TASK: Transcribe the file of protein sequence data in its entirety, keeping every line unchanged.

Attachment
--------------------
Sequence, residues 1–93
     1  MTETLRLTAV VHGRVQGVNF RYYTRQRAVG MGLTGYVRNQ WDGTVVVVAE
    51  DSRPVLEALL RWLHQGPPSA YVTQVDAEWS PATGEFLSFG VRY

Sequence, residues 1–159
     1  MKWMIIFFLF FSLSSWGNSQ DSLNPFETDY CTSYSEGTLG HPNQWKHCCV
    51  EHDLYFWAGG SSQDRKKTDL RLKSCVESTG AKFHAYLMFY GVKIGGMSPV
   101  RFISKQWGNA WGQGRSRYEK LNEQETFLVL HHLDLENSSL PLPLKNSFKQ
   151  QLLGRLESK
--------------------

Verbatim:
Sequence, residues 1–93
     1  MTETLRLTAV VHGRVQGVNF RYYTRQRAVG MGLTGYVRNQ WDGTVVVVAE
    51  DSRPVLEALL RWLHQGPPSA YVTQVDAEWS PATGEFLSFG VRY

Sequence, residues 1–159
     1  MKWMIIFFLF FSLSSWGNSQ DSLNPFETDY CTSYSEGTLG HPNQWKHCCV
    51  EHDLYFWAGG SSQDRKKTDL RLKSCVESTG AKFHAYLMFY GVKIGGMSPV
   101  RFISKQWGNA WGQGRSRYEK LNEQETFLVL HHLDLENSSL PLPLKNSFKQ
   151  QLLGRLESK